This study provides an innovative underlying biomedical technology that has the potential to transform medical diagnostics through enabling repeated or even continuous measurement of biomolecules as individuals go about their normal day.
A key challenge for doctors treating hormone-related reproductive disorders is identifying the particular patients who could benefit from specific hormonal treatment. Now a combination of new robotics technology to measure hormone pulse patterns in the blood stream together with an innovative way of detecting hormones will improve diagnosis of reproductive disorders and lead to effective treatment for many patients.
Many common reproductive problems are hormone related. Altered pulse patterns of hormone secretion in the blood can lead to disorders such as polycystic ovary syndrome (PCOS), a condition that affects 5 to 7 percent of all women of reproductive age. Complications arising from PCOS and other hormone-related disorders can lead to infertility, metabolic syndrome and depression.
Accurately measuring these hormone changes to diagnose whether they are the cause of reproductive disorders has long been an elusive challenge for the medical profession. Hormone levels in the blood change constantly – even from hour to hour – which means relying on traditional blood tests is often insufficient for diagnosis.
A new joint collaborative study led by Dr Julian Tanner of the LKS Faculty of Medicine together with Professor Waljit Dhillo and Professor Tony Cass of Imperial College London has led to a new technology to meet this challenge. Dr Shaolin Liang was a joint PhD student between the laboratories at HKU and Imperial who developed this new approach during his PhD project to measure the pulse pattern of a key hormone called luteinising hormone.
“This study provides an innovative underlying biomedical technology that has the potential to transform medical diagnostics through enabling repeated or even continuous measurement of biomolecules as individuals go about their normal day,” Dr Tanner said.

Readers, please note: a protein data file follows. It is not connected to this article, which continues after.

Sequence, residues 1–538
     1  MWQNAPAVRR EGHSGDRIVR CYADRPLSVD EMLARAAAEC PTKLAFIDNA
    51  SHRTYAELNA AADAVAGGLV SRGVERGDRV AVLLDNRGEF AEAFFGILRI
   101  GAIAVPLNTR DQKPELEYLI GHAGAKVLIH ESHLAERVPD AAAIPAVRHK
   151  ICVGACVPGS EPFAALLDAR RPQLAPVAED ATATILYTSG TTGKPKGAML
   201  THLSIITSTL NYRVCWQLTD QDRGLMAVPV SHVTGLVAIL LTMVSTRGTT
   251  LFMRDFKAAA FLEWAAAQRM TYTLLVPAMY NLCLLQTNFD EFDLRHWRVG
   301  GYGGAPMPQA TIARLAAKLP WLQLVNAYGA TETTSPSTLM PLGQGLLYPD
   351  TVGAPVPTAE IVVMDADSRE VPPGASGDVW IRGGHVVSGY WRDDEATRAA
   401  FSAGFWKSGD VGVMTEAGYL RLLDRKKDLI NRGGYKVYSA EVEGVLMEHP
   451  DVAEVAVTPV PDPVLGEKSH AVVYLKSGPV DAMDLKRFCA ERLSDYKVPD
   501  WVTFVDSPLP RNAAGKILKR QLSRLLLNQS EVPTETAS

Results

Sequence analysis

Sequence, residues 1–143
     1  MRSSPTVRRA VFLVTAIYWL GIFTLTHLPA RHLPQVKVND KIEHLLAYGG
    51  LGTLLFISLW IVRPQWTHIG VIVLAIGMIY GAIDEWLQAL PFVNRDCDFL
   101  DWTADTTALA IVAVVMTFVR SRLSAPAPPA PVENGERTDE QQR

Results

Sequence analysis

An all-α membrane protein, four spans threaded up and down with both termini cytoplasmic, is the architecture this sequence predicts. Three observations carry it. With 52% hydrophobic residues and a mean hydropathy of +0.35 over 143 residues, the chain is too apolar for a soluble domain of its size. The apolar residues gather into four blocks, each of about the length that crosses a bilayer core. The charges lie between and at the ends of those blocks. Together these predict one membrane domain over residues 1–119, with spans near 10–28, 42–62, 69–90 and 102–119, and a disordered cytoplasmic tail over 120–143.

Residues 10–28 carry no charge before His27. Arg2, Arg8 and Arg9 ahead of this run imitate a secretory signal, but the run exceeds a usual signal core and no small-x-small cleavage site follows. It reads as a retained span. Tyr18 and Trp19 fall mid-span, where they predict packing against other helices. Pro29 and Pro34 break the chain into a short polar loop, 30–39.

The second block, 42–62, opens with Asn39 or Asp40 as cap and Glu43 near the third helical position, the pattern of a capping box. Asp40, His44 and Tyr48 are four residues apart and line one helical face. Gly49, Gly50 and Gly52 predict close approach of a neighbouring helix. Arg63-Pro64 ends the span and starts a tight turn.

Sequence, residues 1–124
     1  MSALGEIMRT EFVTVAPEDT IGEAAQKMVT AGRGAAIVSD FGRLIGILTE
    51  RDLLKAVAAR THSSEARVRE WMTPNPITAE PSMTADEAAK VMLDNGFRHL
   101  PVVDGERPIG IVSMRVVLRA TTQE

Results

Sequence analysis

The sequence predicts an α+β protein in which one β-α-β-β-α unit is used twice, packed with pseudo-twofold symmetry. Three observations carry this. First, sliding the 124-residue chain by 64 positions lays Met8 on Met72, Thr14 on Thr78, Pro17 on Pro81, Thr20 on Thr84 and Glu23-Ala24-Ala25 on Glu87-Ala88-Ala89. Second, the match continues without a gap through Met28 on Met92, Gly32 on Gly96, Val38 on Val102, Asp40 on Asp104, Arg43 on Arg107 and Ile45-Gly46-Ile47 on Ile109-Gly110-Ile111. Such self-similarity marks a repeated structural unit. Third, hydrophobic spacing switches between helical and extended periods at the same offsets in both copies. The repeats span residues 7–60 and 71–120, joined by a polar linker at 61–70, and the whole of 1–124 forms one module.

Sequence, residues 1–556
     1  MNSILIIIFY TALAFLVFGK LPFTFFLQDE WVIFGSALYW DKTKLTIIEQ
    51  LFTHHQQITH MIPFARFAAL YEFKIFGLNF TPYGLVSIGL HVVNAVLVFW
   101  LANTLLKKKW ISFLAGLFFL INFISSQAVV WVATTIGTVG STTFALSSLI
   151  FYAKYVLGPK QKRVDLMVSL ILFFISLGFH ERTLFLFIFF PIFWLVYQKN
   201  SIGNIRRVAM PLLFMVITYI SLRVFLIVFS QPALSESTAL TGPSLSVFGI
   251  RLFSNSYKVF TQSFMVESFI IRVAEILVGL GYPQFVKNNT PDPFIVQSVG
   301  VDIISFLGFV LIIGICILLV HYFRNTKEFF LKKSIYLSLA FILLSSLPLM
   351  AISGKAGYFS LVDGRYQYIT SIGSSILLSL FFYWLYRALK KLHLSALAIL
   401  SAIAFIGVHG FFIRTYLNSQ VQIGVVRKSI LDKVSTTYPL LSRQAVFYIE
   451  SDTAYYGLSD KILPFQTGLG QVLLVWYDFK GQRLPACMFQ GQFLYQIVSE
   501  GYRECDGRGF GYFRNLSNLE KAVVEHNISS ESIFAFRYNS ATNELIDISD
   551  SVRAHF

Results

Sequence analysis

The team used a short piece of DNA called an aptamer which forms a particular shape when it specifically recognises the luteinising hormone. In the presence of the hormone, the aptamer changes shape. If the aptamer is on a conducting surface, one can measure the change in the electrical properties of the surface. In this way, the level of concentration of the hormone in a blood sample can be measured on a regular or ongoing basis. The electrochemical detector can also be connected to a robotic platform, allowing hundreds of blood samples to be measured at the same time and leading to reduced costs and increased efficiency.
The usual method of detecting the presence of a hormone is to use antibodies to search out a particular molecule, but this process causes irreversible changes to the molecule, cannot be digitised for analysis and can only be performed in central hospital laboratories. Using aptamers instead results in more repeatable, robust and less expensive detection. In the future, such a technology could underpin embedded sensors for real-time diagnostics to directly digitally monitor our health without the need to visit clinics.
This is one of the first times aptamers have been used in diagnostics, but it will not be the last. While the study only detects one molecule at a time, Dr Tanner expects future studies on diseases such as malaria to be able to detect multiple and possibly hundreds of molecules in one go, speeding up diagnosis and opening up many new potential improvements to monitor our health and wellbeing.